Other Optional Configurations

In order to have an environment-specific configuration that is not specific to each project, we need to configure the settings.

Maven contains a settings file that is present at the installation or user home directory. It takes care of the configuration of some of the environmental parameters as shown below:

  1. Server username and password
  2. Location of the repository manager
  3. HTTP proxy server

Security Configurations

Till Maven 2.1.0+, we have the option of encryption of the passwords inside the settings file. But we must construct a master password before going for encryption.

Maven Plugins

Maven plugins are an integral part of the Maven framework. Each plugin is assigned to a particular task.

There are two types of plugins as shown below:

  • Build Plugins: They are executed at the build time and should be described under the build tag in the pom.xml file.
  • Reporting Plugins: They are executed at the site generation time and should be described under the reporting tag in the pom.xml file.

The below list shows some of the Maven core plugins:

Core Plugins Tasks performed
cleanCleans up artifacts after the build.
compilerJava source code is compiled.
deploy Build artifacts are deployed to the remote repository.
installBuild artifacts are installed to the local repository.
verifierUsed for integration tests.
resourcesOutput directory gets the copy of the resources for including in Jar.
surefireJunit tests are run in an isolated class loader.
siteCurrent project site is generated.
verifierUsed for integration test and checks specific conditions.

Some of the Maven Reporting plugins are listed below:

Reporting Plugins Tasks performed
changelogRecent changes from SCM is generated in form of list.
changesReport on issue tracker is generated.
checkstyleCheckstyle report is generated.
JavadocJava doc for the project is generated.
surefire report Results of unit tests are generated in form of report.
linkcheckLinkcheck report for project documentation is generated.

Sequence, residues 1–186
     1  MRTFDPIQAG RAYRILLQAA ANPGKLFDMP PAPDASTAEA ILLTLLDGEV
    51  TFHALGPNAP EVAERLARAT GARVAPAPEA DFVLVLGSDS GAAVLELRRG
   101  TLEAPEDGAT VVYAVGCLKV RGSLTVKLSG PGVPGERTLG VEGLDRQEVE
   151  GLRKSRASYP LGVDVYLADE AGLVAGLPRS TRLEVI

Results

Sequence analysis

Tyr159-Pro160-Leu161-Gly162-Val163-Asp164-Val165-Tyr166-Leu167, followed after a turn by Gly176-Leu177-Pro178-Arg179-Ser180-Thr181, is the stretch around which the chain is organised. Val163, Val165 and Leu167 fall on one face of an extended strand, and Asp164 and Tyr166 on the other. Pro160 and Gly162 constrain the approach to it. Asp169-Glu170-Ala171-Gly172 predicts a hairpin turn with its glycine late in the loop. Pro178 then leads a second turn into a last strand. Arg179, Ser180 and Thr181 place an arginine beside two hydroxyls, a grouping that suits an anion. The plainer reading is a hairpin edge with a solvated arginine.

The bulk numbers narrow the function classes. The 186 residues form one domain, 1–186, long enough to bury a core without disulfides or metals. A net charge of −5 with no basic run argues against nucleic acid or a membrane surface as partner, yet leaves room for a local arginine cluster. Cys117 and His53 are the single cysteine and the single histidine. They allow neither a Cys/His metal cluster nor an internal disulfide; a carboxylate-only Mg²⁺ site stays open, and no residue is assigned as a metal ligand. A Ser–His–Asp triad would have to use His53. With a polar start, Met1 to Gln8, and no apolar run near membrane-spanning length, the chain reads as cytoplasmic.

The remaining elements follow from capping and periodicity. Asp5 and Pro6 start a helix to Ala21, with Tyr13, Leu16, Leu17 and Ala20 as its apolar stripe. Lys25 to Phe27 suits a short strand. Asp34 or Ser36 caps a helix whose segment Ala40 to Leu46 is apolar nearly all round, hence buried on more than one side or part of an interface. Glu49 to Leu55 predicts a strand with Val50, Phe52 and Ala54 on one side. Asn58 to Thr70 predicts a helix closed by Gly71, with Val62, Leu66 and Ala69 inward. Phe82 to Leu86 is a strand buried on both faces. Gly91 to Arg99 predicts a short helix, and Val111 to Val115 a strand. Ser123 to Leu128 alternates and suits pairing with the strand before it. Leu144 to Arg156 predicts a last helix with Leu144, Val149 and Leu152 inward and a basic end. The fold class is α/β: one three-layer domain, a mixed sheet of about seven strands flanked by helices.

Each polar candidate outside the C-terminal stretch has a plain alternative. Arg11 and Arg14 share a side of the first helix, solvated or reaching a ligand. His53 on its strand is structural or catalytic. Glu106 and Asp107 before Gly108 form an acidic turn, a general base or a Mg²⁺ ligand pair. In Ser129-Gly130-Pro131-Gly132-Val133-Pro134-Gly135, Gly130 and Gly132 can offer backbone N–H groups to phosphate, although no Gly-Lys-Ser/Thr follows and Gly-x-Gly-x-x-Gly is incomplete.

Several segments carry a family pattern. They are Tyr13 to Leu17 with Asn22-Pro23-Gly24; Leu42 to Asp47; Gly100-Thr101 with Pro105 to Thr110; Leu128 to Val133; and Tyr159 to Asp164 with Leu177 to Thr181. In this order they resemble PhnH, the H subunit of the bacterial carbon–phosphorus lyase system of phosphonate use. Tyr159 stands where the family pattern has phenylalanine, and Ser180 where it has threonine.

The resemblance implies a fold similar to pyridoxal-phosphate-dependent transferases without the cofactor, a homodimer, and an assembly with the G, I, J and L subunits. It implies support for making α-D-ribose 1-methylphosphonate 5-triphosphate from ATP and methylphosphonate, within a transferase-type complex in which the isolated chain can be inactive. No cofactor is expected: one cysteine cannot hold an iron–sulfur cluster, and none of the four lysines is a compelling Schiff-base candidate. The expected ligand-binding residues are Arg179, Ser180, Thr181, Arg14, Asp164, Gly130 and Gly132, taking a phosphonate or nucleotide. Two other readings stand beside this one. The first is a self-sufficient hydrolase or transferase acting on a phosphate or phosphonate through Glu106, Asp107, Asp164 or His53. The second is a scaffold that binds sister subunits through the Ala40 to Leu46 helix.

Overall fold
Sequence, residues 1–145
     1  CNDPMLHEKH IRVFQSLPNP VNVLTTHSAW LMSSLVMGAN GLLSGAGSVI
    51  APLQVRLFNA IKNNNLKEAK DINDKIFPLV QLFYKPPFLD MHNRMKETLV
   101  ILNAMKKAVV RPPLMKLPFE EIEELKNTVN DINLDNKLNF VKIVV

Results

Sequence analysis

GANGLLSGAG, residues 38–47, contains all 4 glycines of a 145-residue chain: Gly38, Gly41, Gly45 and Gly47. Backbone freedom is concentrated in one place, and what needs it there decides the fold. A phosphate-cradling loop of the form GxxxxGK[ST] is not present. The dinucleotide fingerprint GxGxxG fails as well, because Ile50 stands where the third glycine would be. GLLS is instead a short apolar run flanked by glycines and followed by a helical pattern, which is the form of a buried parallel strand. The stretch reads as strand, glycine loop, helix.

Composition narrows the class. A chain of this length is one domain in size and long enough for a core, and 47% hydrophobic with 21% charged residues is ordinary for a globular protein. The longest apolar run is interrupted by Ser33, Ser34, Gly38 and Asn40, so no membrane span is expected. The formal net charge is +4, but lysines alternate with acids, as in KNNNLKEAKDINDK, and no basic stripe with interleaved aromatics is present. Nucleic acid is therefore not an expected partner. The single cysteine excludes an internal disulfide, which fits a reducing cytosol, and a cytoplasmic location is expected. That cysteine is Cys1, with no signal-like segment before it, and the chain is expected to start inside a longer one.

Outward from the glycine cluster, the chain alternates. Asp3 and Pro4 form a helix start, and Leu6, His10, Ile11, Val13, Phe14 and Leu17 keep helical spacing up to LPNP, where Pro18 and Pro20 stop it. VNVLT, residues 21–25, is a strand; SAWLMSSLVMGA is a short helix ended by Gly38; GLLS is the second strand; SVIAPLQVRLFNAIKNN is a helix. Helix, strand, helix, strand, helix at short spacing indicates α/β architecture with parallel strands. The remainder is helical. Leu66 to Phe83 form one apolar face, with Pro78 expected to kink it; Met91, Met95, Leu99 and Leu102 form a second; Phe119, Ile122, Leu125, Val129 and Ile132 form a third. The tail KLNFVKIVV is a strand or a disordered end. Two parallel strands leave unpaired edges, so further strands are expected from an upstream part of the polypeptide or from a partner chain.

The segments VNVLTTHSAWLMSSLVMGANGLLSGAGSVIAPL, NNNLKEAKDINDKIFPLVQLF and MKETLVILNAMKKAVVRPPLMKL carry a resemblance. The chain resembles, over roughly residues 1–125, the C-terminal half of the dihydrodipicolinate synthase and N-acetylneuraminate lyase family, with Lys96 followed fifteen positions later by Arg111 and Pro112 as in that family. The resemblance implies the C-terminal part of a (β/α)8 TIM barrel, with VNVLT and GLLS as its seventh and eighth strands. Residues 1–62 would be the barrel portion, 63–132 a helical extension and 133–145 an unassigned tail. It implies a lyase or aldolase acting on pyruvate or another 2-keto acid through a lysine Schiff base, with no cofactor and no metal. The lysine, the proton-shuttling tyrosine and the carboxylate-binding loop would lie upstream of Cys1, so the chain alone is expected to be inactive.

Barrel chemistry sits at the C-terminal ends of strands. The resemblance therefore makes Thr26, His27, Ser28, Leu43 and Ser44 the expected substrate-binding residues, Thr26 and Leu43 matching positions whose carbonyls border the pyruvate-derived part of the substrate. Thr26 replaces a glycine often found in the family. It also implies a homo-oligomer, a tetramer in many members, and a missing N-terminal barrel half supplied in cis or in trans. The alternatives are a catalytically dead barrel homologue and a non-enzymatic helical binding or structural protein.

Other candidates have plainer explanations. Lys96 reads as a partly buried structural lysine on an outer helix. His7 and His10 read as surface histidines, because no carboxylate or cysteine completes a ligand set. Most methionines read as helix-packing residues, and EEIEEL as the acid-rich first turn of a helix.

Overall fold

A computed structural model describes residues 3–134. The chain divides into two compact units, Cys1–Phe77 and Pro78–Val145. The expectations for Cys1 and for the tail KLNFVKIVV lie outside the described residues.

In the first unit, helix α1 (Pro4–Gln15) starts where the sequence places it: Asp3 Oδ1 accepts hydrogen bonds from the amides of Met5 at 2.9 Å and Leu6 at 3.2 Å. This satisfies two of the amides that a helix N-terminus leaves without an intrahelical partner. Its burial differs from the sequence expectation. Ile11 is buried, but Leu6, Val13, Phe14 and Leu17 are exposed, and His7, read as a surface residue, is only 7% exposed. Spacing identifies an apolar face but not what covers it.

pmdA pmd report is generated.
jxrA source cross reference is generated.

FAQ Section

Q #1) Is Maven better than Gradle?

Answer: Gradle uses an incremental and work avoidance approach. Gradle monitors the input and output tasks and executes those that are required. However, for smaller projects Maven is still preferred while Gradle is suited for bigger and complex projects.

Q #2) Why is Gradle faster than Maven?

Answer: Gradle is a lot faster than Maven because of the below approaches of Gradle.

  • Use of Gradle Daemon that keeps building details ready in memory.
  • Compilation in an incremental manner.
  • Use of build-cache that gets the artifacts from previous builds.
  • Modeling of dependencies in an efficient manner by Gradle with the help of Java plugin.

Q #3) What is Maven Gradle?

Answer: Gradle is an automation build tool that is developed on the features of Apache Ant and Apache Maven. It is open-source and works on Groovy-based domain-related language. It is not driven by pom.xml file as used by Maven for the project dependencies and configurations.

Q #4) Why is Maven preferred?


Maven is preferred because of the following advantages:

  • Central repository for all the project dependencies.
  • Maintains a common folder structure within the organizations.
  • Can be integrated with version control tools like Git and continuous integration tool like Jenkins.
  • The build process is made simpler, easy, and uniform.

Q #5) Is Maven only for Java?

Answer: Maven is a project management and build tool generally used for Java projects. However it can be used for projects developed in Ruby, C#, Scala, and so on.

Q #6) Why is Maven used in Eclipse?

Answer: Eclipse IDE automatically downloads the dependencies and configurations from the Maven repositories. Also, creating new Maven projects, support to existing Maven Project and pom .xml can be done with the help of Eclipse.

Q #7) What language is Gradle?

Answer: Gradle gives a domain-related language also called DSL for the build. This language is obtainable in Groovy and Kotlin.

Q #8) What are the advantages of Maven?

Maven has some dependencies like the following:

  • Central repository for all the project dependencies.
  • Maintains a common folder structure within the organizations.
  • Can be integrated with version control tools like Git and continuous integration tool like Jenkins.
  • The build process is made simpler and easy.


This tutorial discussed the concepts like Gradle vs Maven, how to convert Gradle to Maven, and vice versa, Maven configurations, and plugins. Also, some of the basic commands on Maven and Gradle were explored.

As far as Maven plugins are concerned, we discussed some of the reporting and core Maven plugins.

Maven being a hot topic in the market, it is necessary to develop an understanding of the subject and develop expertise on this tool.